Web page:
Reply 20 of 36, by Jo22
Hi there. I didn't mean to hurt anyone's feelings here, my apologies if I did. 😥
I rather explained my point of view, which isn't necessarily correct.
However, I also can't deny what I know/remember from back then.
Windows 3.1 and Win32s were available to developers before Windows NT 3.1 and Windows 95.
So in reality, this was the original Win32 platform 32-Bit programs were being written to.
And Windows 95 isn't even true Win32, it's Win32c.
Then there's PCI. It's not just "another bus". It's a new architecture, essentially.
PCI used different types of interrupts (INTs rather than IRQs) and supported bus mastering and uses IDs, complete with text strings for the PCI cards.
The Pentium processor, as typically found on PCI motherboards, adds support for a new Programmable Interrupt Controller and a new System Timer.
https://en.wikipedia.org/wiki/Advanced_Progra … ller#APIC_timer
All in all, it's essentially a different type of x86 PC platform. Like Japanese PC-98 with its C-Bus, which differs from PC/AT with ISA.
That's why emulators like Qemu/Bochs has a separate machine type for it ("ISA PC").
That's what I meant to say. An 386/486 PC with ISA or VLB (or anotger local bus like Opti bus) is another platform.
Strictly speaking, classic x86 PCs ended with those traditional, non-PCI motherboards.
They're the last with native ISA bus, also. More or less, I mean.
Okay, strictly speaking, ISA runs natively on an 80286 PC without chipset only.
Any chipset with a memory controller insulates the processor's front side bus from the peripheral bus (ISA in that case).
Because doing so, the chipset can hide/set aside/re-map Extended Memory from the 80286 processor to simulate EMS or Shadow Memory.
Likewise, the PCI-ISA bridge found on Pentium motherboard does insulate ISA from the CPU.
All the IRQ/DMA stuff etc. is being done by the help of that bridge.
All other busses, EISA, MCA, VLB, Opti etc. do rather work in tandem with ISA, they're not controlling it.
That's why I said PCI was an alien technology (to Windows 95).
It's not just another slot/bus. It's a new x86 platform.
And Windows 95 was heavily being developed on in 1993/94, using Windows 3.1x/WfW 3.11 as a basis
(see Alpha and Beta builds of Chicago, Beta Archive etc. have documented them).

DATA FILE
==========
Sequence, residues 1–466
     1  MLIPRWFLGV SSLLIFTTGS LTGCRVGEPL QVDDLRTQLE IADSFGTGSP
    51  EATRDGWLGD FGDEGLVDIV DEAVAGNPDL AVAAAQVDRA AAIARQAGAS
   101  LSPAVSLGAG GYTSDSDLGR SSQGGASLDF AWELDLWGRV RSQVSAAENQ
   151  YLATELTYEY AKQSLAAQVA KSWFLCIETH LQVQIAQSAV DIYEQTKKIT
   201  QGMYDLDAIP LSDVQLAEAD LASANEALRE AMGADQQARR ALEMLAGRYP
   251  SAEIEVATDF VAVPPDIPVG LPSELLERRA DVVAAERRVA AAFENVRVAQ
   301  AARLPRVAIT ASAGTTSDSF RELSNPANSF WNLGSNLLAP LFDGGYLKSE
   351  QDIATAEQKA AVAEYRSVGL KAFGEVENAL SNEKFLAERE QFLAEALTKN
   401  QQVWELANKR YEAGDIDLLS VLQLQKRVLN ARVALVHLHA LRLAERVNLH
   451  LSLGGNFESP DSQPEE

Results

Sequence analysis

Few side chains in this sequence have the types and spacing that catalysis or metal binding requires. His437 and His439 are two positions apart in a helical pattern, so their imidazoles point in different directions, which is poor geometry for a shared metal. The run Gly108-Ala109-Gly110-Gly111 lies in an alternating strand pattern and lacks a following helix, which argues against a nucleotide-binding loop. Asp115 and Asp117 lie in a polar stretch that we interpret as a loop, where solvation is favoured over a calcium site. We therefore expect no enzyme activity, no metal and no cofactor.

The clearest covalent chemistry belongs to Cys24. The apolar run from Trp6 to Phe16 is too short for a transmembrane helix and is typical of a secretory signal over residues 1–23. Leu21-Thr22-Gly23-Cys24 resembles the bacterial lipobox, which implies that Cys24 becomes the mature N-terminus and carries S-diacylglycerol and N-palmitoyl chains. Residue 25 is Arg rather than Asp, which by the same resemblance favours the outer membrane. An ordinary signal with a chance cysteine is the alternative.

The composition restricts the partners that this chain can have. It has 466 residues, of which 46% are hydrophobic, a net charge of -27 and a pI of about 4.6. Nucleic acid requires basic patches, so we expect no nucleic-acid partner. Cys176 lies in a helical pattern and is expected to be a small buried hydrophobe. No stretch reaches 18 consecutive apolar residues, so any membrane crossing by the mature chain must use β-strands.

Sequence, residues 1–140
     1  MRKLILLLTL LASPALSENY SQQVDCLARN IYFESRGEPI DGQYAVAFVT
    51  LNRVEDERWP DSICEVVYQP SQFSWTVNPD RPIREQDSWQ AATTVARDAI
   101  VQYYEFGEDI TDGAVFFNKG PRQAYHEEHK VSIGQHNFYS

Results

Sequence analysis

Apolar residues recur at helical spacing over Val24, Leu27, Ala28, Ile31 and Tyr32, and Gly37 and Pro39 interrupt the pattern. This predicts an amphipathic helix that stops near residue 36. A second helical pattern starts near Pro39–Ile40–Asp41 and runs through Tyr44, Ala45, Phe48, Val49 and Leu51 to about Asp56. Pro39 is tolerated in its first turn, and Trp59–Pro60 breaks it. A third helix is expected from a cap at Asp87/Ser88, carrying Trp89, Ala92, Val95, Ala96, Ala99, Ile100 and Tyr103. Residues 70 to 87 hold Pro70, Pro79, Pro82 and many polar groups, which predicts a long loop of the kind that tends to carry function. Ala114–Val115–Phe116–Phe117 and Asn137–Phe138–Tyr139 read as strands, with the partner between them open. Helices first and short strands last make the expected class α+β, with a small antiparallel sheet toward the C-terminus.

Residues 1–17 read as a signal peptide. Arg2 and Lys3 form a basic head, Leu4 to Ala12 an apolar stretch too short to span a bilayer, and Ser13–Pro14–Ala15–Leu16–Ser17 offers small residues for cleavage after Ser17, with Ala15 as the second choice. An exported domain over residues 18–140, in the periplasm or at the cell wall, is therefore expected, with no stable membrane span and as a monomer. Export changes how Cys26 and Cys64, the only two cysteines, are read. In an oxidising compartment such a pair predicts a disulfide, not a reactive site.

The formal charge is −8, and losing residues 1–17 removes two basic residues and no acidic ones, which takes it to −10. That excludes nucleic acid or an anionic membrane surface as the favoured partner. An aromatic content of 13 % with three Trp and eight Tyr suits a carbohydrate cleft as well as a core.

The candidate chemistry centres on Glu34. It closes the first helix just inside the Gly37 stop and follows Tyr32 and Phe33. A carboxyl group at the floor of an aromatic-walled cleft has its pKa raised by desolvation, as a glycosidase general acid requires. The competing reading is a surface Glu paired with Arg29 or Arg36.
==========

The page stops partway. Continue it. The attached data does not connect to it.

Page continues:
Both of which were not designed for PCI at the time. Or Plug&Play.
The PCI support and the drivers basing on it were new and not fully tested.
Yes, they worked. Their maturity is another question, though..
"Where do you want to go today?" was more like "Where do your IRQs want to end up today?".
Windows 95/Chicago was no new, ingenious development, it was an intermediate solution.
A hack (a remarkable one, albeit, I admit). Windows NT was supposed to replace it ASAP.
The separation into a "consumer" and "professional" line of Windows was just good marketing, it was not cleverly planned.
DOS-based Windows was meant to die in the 80s, altogether.
Unfortunately, the OS/2 dilemma, the success of Windows 3.0 and the slow development of NT made Windows 95 a necessity.
1993/94 were still pretty much still 486/VLB days.
I'm not saying thus that Windows 95 had to be limited to a 486 CPU
(though 586 introduced more complicated cache/pipeline/in-order or out-of-order execution) .
It's the motherboard that causes trouble/stability issues.
A 586 class CPU on a 486 era motherboard is more or less fine.
A Pentium Overdrive or 5x86 etc could be used here.
Or in other words: A 386/486 motherboard with ISA/VLB needs no chipset drivers!
To software, it's a generic PC motherboard.
With PCI motherboards, all the chipset driver drama slowly started.
(Edit: Except to those OSes not aware of it;
DOS and Windows 3.1x rely on BIOS mainly or use drivers with integrated PCI-support.)
Hm. I'm not sure if my wording is good to read. I hope so. 🤷♂️
Edit: Typos/formatting fixed (on PC).
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